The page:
Introduction to New Left Review 45
Aselection of the most pressing political questions of the moment might include the following: should women wear headscarves? May we buy and sell our bodily organs? How can we control the weather? The questions sound almost frivolous, and they are certainly not matters on which the canonical texts and traditions of political theory give much purchase. (What is a conservative position on the hijab? A socialist view of organ harvesting? A liberal policy on climate change?) That such issues should simultaneously be among the most debated of our time suggests a fundamental transformation in the landscape of politics.
The change is the result of technological advances that have enhanced our ability to travel, communicate and modify ourselves and our environment, yet the specifically political challenge posed by these developments comes from their global reach, and their widely differing impact on diverse populations. A few years ago, the issues arising from this transformation were routinely subsumed under the rubric of globalization, which, for both its proponents and detractors, hinged on the relationship between the global and the local. Now, many are considered biopolitical in the sense that they are produced through interactions of political power with the private and the corporeal. Almost imperceptibly, globalization has become biopolitics, the pivot between the two 9/11 and the global state of emergency known as ‘the war on terror’.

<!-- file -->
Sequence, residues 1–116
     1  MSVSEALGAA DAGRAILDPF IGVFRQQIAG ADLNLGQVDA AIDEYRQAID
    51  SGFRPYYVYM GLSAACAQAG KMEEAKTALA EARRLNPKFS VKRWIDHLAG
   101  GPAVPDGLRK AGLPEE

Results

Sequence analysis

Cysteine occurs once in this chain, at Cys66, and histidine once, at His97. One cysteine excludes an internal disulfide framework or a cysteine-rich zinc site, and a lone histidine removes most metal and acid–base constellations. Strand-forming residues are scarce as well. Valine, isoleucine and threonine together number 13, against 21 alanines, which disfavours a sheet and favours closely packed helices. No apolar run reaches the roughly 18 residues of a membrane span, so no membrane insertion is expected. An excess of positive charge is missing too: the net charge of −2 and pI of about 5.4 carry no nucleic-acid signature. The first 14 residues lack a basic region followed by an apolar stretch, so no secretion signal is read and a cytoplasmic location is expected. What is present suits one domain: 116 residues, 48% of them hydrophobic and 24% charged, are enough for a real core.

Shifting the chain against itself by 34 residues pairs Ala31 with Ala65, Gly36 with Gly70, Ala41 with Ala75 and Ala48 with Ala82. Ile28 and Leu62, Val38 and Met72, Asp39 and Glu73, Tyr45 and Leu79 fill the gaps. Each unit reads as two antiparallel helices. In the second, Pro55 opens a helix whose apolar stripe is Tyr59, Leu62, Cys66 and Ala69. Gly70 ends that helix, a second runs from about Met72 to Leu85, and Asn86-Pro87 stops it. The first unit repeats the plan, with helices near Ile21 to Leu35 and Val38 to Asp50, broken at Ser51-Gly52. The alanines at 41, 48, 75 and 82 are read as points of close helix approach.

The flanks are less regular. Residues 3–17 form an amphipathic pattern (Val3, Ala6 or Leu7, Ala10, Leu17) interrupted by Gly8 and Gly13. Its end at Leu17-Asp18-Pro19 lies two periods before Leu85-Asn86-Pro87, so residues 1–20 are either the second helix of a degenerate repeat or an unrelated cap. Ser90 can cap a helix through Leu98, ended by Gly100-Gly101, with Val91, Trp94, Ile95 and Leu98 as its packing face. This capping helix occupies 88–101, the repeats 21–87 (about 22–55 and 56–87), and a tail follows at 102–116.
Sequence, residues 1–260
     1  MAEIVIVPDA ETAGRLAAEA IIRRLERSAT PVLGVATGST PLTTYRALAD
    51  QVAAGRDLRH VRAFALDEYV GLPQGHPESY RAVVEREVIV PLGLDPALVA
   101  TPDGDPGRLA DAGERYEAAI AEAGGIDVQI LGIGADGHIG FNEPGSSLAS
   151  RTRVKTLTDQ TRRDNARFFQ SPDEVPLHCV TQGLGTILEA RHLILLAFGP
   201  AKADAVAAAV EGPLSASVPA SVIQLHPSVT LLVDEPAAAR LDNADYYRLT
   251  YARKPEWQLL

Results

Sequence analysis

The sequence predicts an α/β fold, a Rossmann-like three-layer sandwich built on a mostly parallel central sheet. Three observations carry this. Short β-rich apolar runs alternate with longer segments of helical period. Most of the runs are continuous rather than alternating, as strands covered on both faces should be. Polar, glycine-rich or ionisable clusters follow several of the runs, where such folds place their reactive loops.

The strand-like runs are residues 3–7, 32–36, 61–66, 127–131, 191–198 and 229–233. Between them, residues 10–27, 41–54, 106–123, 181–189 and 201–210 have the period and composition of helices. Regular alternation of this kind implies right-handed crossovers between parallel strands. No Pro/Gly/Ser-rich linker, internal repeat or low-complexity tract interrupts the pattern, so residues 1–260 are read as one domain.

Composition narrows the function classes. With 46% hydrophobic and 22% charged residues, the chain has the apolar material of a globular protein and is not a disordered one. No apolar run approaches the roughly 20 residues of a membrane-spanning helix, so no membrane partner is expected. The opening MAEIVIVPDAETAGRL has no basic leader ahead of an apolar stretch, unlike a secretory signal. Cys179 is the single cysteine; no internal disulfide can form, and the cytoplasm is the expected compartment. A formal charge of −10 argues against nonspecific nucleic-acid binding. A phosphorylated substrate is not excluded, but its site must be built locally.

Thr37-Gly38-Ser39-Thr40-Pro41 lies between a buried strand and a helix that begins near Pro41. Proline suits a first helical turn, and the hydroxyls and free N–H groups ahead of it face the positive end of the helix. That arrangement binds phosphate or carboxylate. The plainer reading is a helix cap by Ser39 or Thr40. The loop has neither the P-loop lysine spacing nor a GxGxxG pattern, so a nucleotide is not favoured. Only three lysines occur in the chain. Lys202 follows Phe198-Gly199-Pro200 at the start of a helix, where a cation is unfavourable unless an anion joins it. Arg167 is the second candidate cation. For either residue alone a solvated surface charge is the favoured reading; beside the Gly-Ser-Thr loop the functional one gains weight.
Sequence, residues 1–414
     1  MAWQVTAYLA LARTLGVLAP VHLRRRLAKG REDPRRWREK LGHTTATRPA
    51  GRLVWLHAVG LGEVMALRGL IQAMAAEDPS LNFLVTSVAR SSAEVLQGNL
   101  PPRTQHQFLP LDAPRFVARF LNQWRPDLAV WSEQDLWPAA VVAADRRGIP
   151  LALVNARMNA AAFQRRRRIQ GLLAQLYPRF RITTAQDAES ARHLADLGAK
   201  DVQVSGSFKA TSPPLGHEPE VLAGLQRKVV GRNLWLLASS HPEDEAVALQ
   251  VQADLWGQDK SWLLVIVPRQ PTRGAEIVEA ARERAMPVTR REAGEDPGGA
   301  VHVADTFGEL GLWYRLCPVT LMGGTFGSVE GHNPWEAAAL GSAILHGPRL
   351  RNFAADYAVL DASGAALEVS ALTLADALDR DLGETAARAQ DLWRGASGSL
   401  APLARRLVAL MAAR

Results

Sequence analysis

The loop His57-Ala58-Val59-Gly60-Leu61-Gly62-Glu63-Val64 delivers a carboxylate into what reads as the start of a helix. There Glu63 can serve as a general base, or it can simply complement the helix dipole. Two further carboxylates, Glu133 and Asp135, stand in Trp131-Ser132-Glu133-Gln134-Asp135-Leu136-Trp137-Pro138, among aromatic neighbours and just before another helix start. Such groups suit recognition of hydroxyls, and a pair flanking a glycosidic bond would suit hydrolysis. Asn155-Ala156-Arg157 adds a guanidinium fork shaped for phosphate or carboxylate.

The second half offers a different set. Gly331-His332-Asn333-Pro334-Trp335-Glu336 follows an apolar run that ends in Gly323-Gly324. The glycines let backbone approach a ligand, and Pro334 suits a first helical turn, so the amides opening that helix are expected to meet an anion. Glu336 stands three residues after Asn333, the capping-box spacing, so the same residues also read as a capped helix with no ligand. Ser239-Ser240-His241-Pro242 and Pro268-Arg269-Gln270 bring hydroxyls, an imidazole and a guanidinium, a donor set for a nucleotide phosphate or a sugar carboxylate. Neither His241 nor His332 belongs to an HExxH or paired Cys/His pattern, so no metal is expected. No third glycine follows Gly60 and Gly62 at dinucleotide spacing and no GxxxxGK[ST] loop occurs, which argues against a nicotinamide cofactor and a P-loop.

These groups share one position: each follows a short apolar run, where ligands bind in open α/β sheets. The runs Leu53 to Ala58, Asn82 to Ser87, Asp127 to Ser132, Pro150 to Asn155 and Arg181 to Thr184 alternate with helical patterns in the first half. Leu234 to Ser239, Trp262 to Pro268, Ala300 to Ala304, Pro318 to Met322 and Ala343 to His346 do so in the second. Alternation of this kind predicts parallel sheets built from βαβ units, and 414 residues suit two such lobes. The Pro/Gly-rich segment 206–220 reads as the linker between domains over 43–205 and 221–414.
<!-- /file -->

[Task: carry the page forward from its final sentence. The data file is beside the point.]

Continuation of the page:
The invitation to guest-edit a special issue of New Left Review offers the opportunity to explore the inter-relationships between these themes. Rather than allowing one to slide into the other, nlr 45 juxtaposes the two. Globalization and biopolitics need to be differentiated if we are to grasp the connections between them, and also to understand why the activism associated with the former has been transformed into the passivity characteristic of the latter.
Several of the articles that follow return to themes associated with globalization and its ambiguous import for human development. Though the ‘war on terror’ has had a devastating impact on participants and bystanders, for most people, as the sequence of articles by
Globalization collapses the distinction between public and private, and in the mutual interaction of nature and culture, private and public eventually dissolve as well.
Within the shadowy territory defined by the simultaneous interaction of public and private, nature and culture, new agents and forms of agency are becoming discernible.
If climate change is the paradigmatic issue of the new politics, it is also a reminder that life is coproduced with death.